• be a national of a country which receives official development assistance from the Development Assistance Committee (DAC) of the Organisation for Economic Co-operation and Development (OECD).

The Scholarship was created in response to feedback from dive guides who had passed the Green Fins Dive Guide e-Course and were keen to download and display their personalised electronic certificate but were not financially able to cover the associated cost (£19 / $25 USD). The personalised electronic certificate can be displayed to entice eco-minded guests by informing them the guide has received this vital environmental certification and is aware of how to reduce the negative environmental impacts associated with diving.

Diving related damage to sensitive marine ecosystems, including coral reefs, is becoming an increasingly significant issue. This damage makes them less likely to survive other local and wider stressors, such as overfishing or run-off from land containing pollutants and plastic debris as well as the effects of climate change, such as rising sea temperatures. The Green Fins Dive Guide e-Course, created with the support of Professional SCUBA Schools International (PSS) and running on their innovative EVO e-learning platform, teaches dive professionals how to prevent diving-related damage to coral reefs by following the highest environmental standards and better managing their guests to prevent damage to the reef.

Sam Craven, Programmes Manager at The Reef-World Foundation, said: “We’re proud to be offering dive guides around the world the opportunity to become Green Fins certified; no matter their background. Both the e-Course and the Scholarship have been a great success so far and we’re delighted to see so many dive professionals demonstrating their commitment to sustainable tourism by taking the course. We urge dive guides who haven’t yet taken the course to consider taking this step and welcome Scholarship applications from anyone who meets the criteria. Together, we can protect coral reefs through sustainable diving and we’d love as many dive guides as possible to join us.”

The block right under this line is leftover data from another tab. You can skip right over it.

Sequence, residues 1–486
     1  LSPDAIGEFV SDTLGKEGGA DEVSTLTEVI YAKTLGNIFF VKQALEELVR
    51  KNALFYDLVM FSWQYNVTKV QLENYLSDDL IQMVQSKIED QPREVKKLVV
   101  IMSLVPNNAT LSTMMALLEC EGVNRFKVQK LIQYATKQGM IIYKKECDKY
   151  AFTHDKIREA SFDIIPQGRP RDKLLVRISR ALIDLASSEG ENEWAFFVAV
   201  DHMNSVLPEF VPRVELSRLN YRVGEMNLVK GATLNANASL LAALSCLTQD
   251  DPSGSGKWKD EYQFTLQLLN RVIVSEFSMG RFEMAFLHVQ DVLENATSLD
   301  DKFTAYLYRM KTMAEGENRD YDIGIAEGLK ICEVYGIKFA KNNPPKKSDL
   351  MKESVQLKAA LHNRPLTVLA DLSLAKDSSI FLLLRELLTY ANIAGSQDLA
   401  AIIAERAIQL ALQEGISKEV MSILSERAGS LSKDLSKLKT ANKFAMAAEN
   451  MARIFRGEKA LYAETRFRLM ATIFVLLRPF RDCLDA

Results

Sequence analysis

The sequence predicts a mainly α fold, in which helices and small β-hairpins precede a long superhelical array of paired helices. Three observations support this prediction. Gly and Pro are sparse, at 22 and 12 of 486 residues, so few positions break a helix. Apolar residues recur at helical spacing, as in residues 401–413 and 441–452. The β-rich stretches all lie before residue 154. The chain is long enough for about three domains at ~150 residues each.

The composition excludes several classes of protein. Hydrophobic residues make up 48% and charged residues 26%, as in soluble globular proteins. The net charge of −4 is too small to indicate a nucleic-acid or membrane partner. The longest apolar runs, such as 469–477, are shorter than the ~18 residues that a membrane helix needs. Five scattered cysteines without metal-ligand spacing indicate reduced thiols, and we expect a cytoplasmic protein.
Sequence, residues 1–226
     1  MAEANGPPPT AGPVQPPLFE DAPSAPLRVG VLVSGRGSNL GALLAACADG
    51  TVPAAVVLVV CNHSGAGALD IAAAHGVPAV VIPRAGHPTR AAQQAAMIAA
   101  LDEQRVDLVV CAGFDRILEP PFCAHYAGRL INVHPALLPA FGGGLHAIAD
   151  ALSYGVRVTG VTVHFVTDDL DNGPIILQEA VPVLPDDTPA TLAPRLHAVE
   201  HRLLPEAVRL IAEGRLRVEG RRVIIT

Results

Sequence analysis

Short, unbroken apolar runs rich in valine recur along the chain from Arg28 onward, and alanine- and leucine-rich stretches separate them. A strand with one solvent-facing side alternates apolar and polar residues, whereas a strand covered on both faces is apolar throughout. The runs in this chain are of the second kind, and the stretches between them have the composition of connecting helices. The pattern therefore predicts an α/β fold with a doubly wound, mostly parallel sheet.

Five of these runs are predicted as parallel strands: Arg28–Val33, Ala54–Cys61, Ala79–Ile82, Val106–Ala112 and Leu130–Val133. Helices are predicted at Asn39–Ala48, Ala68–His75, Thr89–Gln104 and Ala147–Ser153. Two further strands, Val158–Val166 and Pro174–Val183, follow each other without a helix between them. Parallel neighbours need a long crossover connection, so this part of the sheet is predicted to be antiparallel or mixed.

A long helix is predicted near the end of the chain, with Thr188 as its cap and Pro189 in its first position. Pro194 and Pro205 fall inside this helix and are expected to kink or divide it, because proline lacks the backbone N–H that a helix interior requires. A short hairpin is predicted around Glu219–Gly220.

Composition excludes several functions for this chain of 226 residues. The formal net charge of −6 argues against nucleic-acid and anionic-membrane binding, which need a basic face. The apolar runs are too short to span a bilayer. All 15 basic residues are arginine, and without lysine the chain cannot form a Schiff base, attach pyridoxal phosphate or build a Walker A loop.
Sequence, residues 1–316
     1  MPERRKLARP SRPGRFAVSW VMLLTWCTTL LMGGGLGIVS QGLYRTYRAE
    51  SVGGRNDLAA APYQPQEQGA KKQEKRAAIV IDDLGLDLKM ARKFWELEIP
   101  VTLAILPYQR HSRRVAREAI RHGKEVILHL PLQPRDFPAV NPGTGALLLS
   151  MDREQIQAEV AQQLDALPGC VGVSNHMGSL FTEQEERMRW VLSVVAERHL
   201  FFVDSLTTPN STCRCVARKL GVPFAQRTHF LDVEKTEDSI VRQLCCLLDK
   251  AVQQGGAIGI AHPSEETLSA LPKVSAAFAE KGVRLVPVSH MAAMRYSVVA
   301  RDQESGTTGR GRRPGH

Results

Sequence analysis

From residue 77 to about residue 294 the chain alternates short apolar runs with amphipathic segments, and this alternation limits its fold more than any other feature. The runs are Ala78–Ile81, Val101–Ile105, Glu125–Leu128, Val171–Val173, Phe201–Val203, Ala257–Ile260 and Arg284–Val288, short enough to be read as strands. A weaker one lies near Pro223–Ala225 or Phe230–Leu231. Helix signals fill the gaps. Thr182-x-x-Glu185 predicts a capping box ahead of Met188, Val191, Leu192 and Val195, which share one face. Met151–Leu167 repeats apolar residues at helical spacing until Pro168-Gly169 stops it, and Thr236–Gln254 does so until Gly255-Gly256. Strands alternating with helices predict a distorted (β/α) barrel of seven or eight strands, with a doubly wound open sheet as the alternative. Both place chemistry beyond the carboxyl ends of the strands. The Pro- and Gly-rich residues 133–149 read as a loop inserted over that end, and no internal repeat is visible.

Dive guides who want to be considered for scholarship can visit www.greenfins.net/green-fins-dive-guide-scholarship-applications to apply.

To donate to the Green Fins Dive Guide Scholarship Fund, please visit www.greenfins.net/appeal/sponsor-a-dive-guide.

Supporters who are interested in helping additional dive guides receive their certifications can also donate to Sponsor a Dive Guide.

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Marine Life & Conservation

Go Fish Free this February

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There are no longer plenty more fish in the sea! Fish Free February challenges you to help protect our oceans by removing seafood from your diet for 28 days and helping to raise awareness of the issues caused by intensive fishing practices.

Our oceans are in a state of global crisis, brought about by ocean warming, acidification, pollution, and habitat destruction. However, the biggest immediate threat to ocean life is from fisheries. Each year an estimated 1-2.7 trillion fish are caught for human consumption, though this figure does not include illegal fisheries, discarded fish, fish caught to be used as bait, or fish killed by not caught, so the real number is far higher. It is no wonder then, that today nearly 90% of the world’s marine stocks are fully exploited, overexploited or depleted. If we do not act fast, overfishing and damaging fishing practices will soon destroy the ocean ecosystems which produce 80% of the oxygen in our atmosphere and provide three billion people with their primary source of protein.

Fish Free February, a UK-registered charity, is challenging people around the world to take action for marine life in a simple but effective way. Take the Fish Free February Pledge and drop seafood from your diet for one month, or beyond. Fish Free February wants to get people talking about the wide range of issues associated with industrial fishing practices and putting the well-being of our oceans at the forefront of dietary decision-making. A third of all wild-caught fish are used to create feed for livestock, so Fish Free February urges us to opt for plant-based dishes as a sustainable alternative to seafood, sharing our best fish-free recipes on social media with #FishFreeFebruary and nominating our friends to do the same.

“Not all fishing practices are bad” explains Simon Hilbourne, founder of Fish Free February. “Well-managed, small-scale fisheries that use selective fishing gears can be sustainable. However, most of the seafood in our diet comes from industrial fisheries which often prioritise profit over the well-being of our planet, resulting in multiple environmental challenges. In some cases, the fishing industry has even been linked to serious human rights issues such as forced labour and human trafficking! Fish Free February hopes to shed more light on fishing practices, create wider discussion around these issues, and offer solutions to benefit people, wildlife, and the natural environment.”

To learn more about these issues and to take the Fish Free February pledge visit www.fishfreefebruary.com

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Competitions

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Subject to availability – limited flight seats at this price so don't delay!

Call Diverse Travel on 01473 852002 or email info@diversetravel.co.uk to book your spot!